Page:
The Star Tribune reports at least 11 other incidents, including the case of Oscar Grant, in which police shot a person when their intent was to use a Taser. In 1999, Axon Enterprises introduced the Advanced Taser M-26 model, which changed the shape of the device from a television-remote-control shape to one with handgun-style grip. Subsequent models kept the style with the grip, which are the predominant model in use.
Axon released a statement Monday obtained by The Star Tribune on the possibility of mistaking handguns for Tasers.
"Axon also specifically warns of the possibility of weapon confusion and provides training recommendations to mitigate against it. Based on recommendations by use of force experts, Axon recommends that a TASER energy weapon be placed on an officer's non-dominant side, and firearm on the dominant side," the statement read.
In addition to Wright and Grant, two other people have died when a handgun was mistaken for a Taser: Everardo Torres was killed in 2002 while handcuffed in the back of police car in Fresno, California, and Eric Courtney Harris was shot and killed in 2015 by a sheriff’s deputy in Tulsa, Oklahoma, as he fled a crime scene.
In Brooklyn Center, the city council fired the city manager and gave “command authority” to Mayor Mike Elliott. Elliott is the first Black mayor of the city, which has undergone rapid demographic change from a 70 percent white population in 2000 to a white population of approximately 40 percent today. The Star Tribune reports that Brooklyn Center police have killed six civilians since 2012, four of whom were Black.
Meanwhile, the prosecution in the George Floyd murder trial is set to conclude its case with the defense then getting its turn to present witnesses and evidence. A verdict will likely come before the end of the month, setting up the possibility for a combustible spring.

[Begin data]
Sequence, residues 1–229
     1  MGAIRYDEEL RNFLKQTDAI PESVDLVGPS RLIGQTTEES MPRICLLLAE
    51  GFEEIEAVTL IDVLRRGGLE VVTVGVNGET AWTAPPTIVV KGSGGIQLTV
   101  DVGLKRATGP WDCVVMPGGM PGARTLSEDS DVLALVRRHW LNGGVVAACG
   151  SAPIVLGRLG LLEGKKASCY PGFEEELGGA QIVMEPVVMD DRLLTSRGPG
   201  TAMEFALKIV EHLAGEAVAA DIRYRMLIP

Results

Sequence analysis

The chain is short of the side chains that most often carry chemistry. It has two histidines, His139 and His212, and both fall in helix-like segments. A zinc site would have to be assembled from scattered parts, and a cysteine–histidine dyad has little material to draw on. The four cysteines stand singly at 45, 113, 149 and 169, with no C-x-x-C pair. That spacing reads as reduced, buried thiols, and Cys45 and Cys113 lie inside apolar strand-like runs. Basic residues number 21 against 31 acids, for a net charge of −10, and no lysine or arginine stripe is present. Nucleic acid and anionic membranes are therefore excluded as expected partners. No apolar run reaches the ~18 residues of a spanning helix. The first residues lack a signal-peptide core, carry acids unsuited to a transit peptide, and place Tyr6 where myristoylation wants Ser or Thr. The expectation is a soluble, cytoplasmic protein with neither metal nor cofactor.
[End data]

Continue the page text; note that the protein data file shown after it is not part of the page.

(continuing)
"Apprehension over the potential fallout from the Chauvin verdict, which is likely to come this month, had already reached considerable heights," according to The Washington Post. "Minneapolis is still grappling with the chaos that erupted following the killing of George Floyd last year, and the city’s center is locked down because of the trial of Chauvin, who is accused of Floyd’s death. Local officials have said they are spending $1 million on security, bringing in waves of law enforcement and erecting fences topped with barbed wire.
"But community leaders said Monday that, especially given the fresh wounds of Sunday’s shooting, they doubt any amount of security will be enough to maintain the peace should Chauvin be acquitted—or even convicted on lesser charges."
In summer 2020, protests quickly spread across the country and even to other countries. Monday night, unrest was reported in Portland, Oregon (which was also a hotbed of protest last summer). Portland police declared the incident a riot as at least 200 people gathered near a building that houses offices from several different law enforcement agencies.
As businesses monitor the situation and assess threat levels, ASIS International has collected resources to support security when facing civil unrest and disturbances. Last month, in a Security Management online exclusive article, Claire Meyer presents tactics for “Protest Preparedness: Analyzing Crowd Dynamics, Threat Actors, and Intelligence,” and last August presented a Q&A entitled “Organizations Face Supercharged Activism.”
U.S. President Joe Biden urged protestors to stay focused on their message and to avoid acts of violence.
“It is really a tragic thing that happened, but I think we’ve got to wait and see what the investigation shows,” Biden told reporters at the White House. “In the meantime, I want to make it clear again: There is absolutely no justification—none—for looting, no justification for violence. Peaceful protests—understandable.”